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Phase-Specific Motor Efference during a Rhythmic Motor Pattern.
J Neurosci. 2020 Feb 26; 40(9):1888-1896.JN

Abstract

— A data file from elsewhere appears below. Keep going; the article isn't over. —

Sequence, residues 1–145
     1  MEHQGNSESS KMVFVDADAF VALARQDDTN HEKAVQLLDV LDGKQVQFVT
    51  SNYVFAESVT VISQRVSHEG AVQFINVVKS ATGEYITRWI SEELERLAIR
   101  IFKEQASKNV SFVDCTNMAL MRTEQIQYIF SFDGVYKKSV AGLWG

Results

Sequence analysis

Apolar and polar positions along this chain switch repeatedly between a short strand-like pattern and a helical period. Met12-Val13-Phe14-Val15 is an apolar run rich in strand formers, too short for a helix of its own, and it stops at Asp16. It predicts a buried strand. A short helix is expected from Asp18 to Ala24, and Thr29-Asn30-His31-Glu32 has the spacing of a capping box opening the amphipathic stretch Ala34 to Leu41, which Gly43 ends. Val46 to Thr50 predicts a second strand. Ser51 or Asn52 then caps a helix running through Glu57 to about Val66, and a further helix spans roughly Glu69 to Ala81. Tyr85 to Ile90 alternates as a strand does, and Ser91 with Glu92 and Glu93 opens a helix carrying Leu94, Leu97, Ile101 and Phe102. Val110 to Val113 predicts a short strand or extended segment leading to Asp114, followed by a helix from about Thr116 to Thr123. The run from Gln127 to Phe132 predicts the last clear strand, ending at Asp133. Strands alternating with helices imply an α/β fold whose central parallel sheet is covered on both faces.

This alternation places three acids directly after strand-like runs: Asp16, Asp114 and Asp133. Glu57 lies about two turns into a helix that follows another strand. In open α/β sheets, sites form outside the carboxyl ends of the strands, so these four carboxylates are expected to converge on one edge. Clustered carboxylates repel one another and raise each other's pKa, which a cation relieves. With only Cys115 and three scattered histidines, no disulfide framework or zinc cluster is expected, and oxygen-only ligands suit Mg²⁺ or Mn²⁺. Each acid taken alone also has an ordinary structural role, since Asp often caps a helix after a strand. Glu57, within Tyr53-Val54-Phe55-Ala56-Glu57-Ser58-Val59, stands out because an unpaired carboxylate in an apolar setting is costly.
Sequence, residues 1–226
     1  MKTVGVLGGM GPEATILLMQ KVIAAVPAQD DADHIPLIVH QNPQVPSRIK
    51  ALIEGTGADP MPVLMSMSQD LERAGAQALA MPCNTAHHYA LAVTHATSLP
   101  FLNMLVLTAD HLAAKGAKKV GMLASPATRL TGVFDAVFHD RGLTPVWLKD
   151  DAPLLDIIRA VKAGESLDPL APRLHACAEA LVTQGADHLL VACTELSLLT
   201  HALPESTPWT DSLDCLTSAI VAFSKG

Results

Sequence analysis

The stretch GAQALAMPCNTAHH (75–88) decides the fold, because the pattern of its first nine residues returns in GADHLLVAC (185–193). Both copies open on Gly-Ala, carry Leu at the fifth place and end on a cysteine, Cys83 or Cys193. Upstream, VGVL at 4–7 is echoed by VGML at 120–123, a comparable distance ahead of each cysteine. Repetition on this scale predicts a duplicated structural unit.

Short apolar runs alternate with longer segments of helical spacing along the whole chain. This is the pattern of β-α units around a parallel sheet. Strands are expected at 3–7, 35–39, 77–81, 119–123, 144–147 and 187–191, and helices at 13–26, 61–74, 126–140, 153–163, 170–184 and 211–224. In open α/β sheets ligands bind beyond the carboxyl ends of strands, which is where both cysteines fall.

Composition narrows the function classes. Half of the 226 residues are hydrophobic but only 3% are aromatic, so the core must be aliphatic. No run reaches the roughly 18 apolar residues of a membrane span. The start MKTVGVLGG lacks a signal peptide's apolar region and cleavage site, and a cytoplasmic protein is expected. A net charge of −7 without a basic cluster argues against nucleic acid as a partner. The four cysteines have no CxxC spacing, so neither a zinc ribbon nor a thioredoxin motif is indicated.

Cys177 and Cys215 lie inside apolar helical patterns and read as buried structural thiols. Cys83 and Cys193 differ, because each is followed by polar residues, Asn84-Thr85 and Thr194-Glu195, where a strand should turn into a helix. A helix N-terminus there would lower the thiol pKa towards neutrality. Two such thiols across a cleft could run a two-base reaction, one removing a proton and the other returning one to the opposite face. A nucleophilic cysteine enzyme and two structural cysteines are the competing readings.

Neuronal circuits that control motor behaviors orchestrate multiple tasks, including the inhibition of self-generated sensory signals. In the hermaphroditic leech, T and P mechanosensory neurons respond to light touch and pressure on the skin, respectively. We show that the low threshold T cells were also sensitive to topological changes of the animal surface, caused by contraction of the muscles that erect the skin annuli. P cells were unresponsive to this movement. Annuli erection is part of the contraction phase of crawling, a leech locomotive behavior. In isolated ganglia, T cells showed phase-dependent IPSPs during dopamine-induced fictive crawling, whereas P cells were unaffected. The timing and magnitude of the T-IPSPs were highly correlated with the activity of the motoneurons excited during the contraction phase. Together, the results suggest that the central network responsible for crawling sends a reafferent signal onto the T cells, concomitant with the signal to the motoneurons. This reafference is specifically targeted at the sensory neurons that are affected by the movements; and it is behaviorally relevant as excitation of T cells affected the rhythmic motor pattern, probably acting upon the rhythmogenic circuit. Corollary discharge is a highly conserved function of motor systems throughout evolution, and we provide clear evidence of the specificity of its targets and timing and of the benefit of counteracting self-generated sensory input.SIGNIFICANCE STATEMENT Neuronal circuits that control motor behaviors orchestrate multiple tasks, including inhibition of sensory signals originated by the animal movement, a phenomenon known as corollary discharge. Leeches crawl on solid surfaces through a sequence of elongation and contraction movements. During the contraction, the skin topology changes, affecting a subpopulation of mechanosensory receptors, T (touch) neurons, but not P (pressure) sensory neurons. In the isolated nervous system, T neurons were inhibited during the contraction but not during the elongation phase, whereas P cells were unaffected throughout crawling. Excitation of T cells during the contraction phase temporarily disrupted the rhythmic pattern. Thus, corollary discharge was target (T vs P) and phase (contraction vs elongation) specific, and prevented self-generated signals to perturb motor behaviors.